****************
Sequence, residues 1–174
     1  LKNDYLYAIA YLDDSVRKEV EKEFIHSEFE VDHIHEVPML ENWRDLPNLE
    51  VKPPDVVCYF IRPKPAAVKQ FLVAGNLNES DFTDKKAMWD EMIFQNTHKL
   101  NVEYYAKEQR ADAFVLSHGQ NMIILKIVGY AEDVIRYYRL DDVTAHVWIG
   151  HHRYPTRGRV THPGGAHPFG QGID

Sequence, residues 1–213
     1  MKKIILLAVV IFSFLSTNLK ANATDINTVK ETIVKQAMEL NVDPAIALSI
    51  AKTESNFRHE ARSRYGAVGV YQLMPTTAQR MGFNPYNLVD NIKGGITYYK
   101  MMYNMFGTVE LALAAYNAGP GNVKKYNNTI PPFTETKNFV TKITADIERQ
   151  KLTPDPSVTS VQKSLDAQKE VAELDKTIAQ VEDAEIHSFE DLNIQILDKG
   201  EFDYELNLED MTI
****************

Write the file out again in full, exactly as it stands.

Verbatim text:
Sequence, residues 1–174
     1  LKNDYLYAIA YLDDSVRKEV EKEFIHSEFE VDHIHEVPML ENWRDLPNLE
    51  VKPPDVVCYF IRPKPAAVKQ FLVAGNLNES DFTDKKAMWD EMIFQNTHKL
   101  NVEYYAKEQR ADAFVLSHGQ NMIILKIVGY AEDVIRYYRL DDVTAHVWIG
   151  HHRYPTRGRV THPGGAHPFG QGID

Sequence, residues 1–213
     1  MKKIILLAVV IFSFLSTNLK ANATDINTVK ETIVKQAMEL NVDPAIALSI
    51  AKTESNFRHE ARSRYGAVGV YQLMPTTAQR MGFNPYNLVD NIKGGITYYK
   101  MMYNMFGTVE LALAAYNAGP GNVKKYNNTI PPFTETKNFV TKITADIERQ
   151  KLTPDPSVTS VQKSLDAQKE VAELDKTIAQ VEDAEIHSFE DLNIQILDKG
   201  EFDYELNLED MTI